Delphi, lying in the foothills of Mount Parnassus, was the most famous oracle of ancient Greece and, for many centuries, was its spiritual and religious center.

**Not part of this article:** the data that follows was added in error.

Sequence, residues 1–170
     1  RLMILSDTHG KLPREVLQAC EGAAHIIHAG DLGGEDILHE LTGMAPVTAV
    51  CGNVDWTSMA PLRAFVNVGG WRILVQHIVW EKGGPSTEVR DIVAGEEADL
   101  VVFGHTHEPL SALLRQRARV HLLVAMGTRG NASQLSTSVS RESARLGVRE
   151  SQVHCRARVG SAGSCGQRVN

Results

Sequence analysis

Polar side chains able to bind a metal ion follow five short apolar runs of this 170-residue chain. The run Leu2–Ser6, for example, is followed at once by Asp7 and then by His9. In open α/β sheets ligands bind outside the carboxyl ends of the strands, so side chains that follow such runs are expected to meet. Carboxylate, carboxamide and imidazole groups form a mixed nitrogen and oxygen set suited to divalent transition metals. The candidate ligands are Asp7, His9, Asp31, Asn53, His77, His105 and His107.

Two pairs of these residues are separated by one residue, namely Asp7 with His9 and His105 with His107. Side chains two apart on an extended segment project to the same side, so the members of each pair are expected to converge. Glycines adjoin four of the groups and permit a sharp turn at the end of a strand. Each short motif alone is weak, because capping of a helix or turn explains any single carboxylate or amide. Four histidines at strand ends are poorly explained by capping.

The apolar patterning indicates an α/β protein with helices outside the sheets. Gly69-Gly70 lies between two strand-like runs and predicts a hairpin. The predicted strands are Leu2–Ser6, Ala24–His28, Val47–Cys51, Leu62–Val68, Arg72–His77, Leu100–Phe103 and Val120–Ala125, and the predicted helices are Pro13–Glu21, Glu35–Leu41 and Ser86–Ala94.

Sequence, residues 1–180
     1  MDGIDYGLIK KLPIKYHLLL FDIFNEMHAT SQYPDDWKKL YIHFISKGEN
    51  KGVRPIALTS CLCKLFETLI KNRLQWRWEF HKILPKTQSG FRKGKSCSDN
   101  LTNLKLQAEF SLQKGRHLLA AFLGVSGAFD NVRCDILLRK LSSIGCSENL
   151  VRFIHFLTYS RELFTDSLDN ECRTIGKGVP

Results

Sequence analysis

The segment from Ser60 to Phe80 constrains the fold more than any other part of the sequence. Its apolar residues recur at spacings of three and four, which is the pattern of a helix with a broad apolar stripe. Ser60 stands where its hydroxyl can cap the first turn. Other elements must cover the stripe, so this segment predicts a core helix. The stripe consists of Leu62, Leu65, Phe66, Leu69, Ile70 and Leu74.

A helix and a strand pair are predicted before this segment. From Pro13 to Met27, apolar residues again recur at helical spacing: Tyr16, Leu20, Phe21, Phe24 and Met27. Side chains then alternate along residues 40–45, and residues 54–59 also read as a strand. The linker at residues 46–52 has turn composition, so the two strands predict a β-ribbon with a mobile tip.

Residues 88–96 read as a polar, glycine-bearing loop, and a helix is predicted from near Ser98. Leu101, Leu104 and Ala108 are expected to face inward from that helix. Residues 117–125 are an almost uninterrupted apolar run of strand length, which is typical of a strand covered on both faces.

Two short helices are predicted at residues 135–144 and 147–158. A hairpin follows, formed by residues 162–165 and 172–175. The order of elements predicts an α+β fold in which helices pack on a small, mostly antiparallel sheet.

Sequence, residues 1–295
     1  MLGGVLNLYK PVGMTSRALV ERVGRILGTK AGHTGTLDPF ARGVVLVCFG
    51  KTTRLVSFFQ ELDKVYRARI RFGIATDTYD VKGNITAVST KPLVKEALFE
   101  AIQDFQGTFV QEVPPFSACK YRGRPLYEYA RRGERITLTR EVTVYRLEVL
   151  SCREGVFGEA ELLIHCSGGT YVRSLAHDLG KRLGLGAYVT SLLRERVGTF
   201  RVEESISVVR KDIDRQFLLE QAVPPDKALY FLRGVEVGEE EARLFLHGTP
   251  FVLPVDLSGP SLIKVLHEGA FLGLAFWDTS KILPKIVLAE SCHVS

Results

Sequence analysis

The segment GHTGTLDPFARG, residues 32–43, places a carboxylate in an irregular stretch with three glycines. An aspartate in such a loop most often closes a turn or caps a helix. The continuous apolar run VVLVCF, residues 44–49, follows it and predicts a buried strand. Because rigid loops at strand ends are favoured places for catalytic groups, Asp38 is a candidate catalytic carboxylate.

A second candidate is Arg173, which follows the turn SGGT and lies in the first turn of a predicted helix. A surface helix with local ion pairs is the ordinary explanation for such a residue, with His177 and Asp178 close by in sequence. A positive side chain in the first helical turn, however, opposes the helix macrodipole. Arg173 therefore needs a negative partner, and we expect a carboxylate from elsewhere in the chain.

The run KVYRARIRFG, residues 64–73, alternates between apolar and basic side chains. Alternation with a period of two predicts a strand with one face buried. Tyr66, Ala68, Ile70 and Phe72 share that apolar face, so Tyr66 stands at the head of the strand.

The history of Delphi has been lost in prehistory and mythology. From the 8th century BCE, when the worship of Apollo was at its peak, the sanctuary of Delphi acquired an important role in the ancient Greek world, while its influence expanded by stages to a large portion of the Eastern Mediterranean. It reached its zenith between the 6th and 4th centuries BCE. No one doubted the credibility of its oracles, uttered by the priestess of the oracle, Pythia. Before giving her oracles, Pythia cleansed herself, imbibed water from the Castalian spring, chewed on bay leaves and sat on a tripod, as fumes arose from the burning of various psychotropic herbs. Pythia would enter an ecstatic trance and made incoherent utterances, which the priests of Apollo would translate into oracular verse and whose meaning was almost always ambiguous. Cities, leaders and ordinary people consulted with the god and gave rich offerings to the oracle. Delphi maintained its important position until the end of the 4th century CE, at which point the oracular rites were terminated by decree of the Byzantine emperor Theodosius the First.